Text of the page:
Last week, I wrote about some of the breaks the Geophysical Institute at the University of Alaska Fairbanks has enjoyed during its 75-year existence.
Another key for this place where a few dozen researchers study things “from the center of the Earth to the center of the sun” is that its directors have followed the advice of your financial advisor: diversify your portfolio.
The Geophysical Institute hatched in the late 1940s because the aurora sometimes interfered with high-frequency radio communications used by ship captains and aircraft pilots during World War II.
The fledgling institute and its graduate students who became experts in space physics were then in a good place during the International Geophysical Year of 1957-1958. During that vast campaign, there was plenty of funded work to do, with new instruments that had to be tweaked for use in the far north. And someone — those institute students — also had to make sense of the thousands of black-and-white aurora images those all-sky cameras provided.
Australian Keith Mather, a physicist who became director of the institute in 1963, was happy to govern the team of respected and successful aurora experts here in Fairbanks. But he also knew that to survive over the long term, the place had to become something more.
During “the post-war euphoria for science and relatively plentiful funding,” Mather swung the doors open to those who studied things other than the thin air 60 miles above our heads. One of the first to walk in was former Minnesotan Carl Benson, who will tell you he was one of the first here for whom the ground was “not just for bolting instruments into.”
Benson, at 94 still a good-humored presence in these halls, was a favorite of Mather’s for his Midwest charm, and because Benson dove into the studies of many northern phenomena such as ice fog, which forms in Fairbanks when the air is colder than about minus 30 Fahrenheit and water vapor floats in the air like cotton candy. Benson also worked on glaciers in the Brooks Range and Wrangell Mountains, which included building a “volcanically heated hut” on Mt. Wrangell’s summit.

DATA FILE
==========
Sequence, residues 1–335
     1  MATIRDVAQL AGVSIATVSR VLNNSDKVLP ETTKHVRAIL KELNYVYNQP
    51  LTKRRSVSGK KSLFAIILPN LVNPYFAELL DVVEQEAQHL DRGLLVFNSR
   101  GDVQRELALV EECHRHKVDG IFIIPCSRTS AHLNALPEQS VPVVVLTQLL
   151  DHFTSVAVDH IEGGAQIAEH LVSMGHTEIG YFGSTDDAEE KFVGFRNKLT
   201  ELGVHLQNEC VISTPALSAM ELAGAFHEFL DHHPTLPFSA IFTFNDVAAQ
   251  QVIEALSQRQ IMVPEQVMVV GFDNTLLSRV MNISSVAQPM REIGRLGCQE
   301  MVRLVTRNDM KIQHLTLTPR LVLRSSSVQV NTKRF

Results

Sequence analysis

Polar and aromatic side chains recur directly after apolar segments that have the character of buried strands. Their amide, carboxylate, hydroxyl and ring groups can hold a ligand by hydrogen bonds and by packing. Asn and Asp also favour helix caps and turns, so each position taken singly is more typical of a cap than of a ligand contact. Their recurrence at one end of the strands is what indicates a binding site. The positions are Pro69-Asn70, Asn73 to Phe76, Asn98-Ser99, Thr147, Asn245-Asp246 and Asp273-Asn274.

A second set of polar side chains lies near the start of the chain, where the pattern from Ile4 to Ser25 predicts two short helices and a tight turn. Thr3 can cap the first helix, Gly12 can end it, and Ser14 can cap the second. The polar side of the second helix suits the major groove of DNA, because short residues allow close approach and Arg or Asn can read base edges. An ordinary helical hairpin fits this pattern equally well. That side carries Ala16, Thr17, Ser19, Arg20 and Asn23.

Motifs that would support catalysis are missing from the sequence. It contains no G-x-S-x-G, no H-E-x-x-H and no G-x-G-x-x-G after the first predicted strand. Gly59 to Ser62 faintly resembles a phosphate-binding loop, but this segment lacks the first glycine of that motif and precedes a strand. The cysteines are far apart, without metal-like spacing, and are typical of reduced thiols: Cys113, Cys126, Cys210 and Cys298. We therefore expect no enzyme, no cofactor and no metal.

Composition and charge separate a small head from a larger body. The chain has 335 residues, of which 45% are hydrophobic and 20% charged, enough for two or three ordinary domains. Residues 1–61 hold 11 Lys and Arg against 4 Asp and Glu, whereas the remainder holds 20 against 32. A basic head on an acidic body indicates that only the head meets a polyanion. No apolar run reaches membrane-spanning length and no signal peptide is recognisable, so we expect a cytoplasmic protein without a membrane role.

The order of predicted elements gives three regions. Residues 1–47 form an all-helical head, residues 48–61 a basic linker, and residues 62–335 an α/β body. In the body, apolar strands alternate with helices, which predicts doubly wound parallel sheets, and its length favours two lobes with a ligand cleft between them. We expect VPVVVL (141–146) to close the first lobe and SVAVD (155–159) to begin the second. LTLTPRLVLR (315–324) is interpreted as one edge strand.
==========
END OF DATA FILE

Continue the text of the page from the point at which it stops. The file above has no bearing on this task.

One year after Mather became director, the 1964 Great Alaska Earthquake rocked the world. Mather recognized that geophysical event as an opportunity. The institute had recently started a seismology section, which expanded rapidly due to the interest a magnitude 9.2 earthquake stimulates.
Other scientists attracted here would soon write their own grant proposals for studying volcanoes (dozens of which in Alaska have been active in historic times), and atmospheric science (such as the study of a blob of pollution known as Arctic Haze, which visited Alaska each spring from northern Russia and Asia).
The opportunities kept coming, like the construction of a rocket range in the muskeg 30 miles of Fairbanks, and the building of ground-based receiving stations for information gathered by polar-orbiting satellites that loop directly over Fairbanks. The institute is now also a far-northern base station for unmanned aerial vehicles and their pilots.
People still study the aurora and other aspects of space physics here, but you are just as likely to run into a grad student who squints at satellite images of the Seward Peninsula and counts beaver dams.
One of those graduate students way back at the beginning was Syun-Ichi Akasofu, who turned 90 last December and still lives in Fairbanks. Not long after he arrived in the far north from Japan, Akasofu — later a director of the institute himself — saw how Mather’s efforts to diversify gave this place wings.
“Keith’s directorship made the caterpillar institute into a butterfly institute,” he said.
Source: Geophysical Institute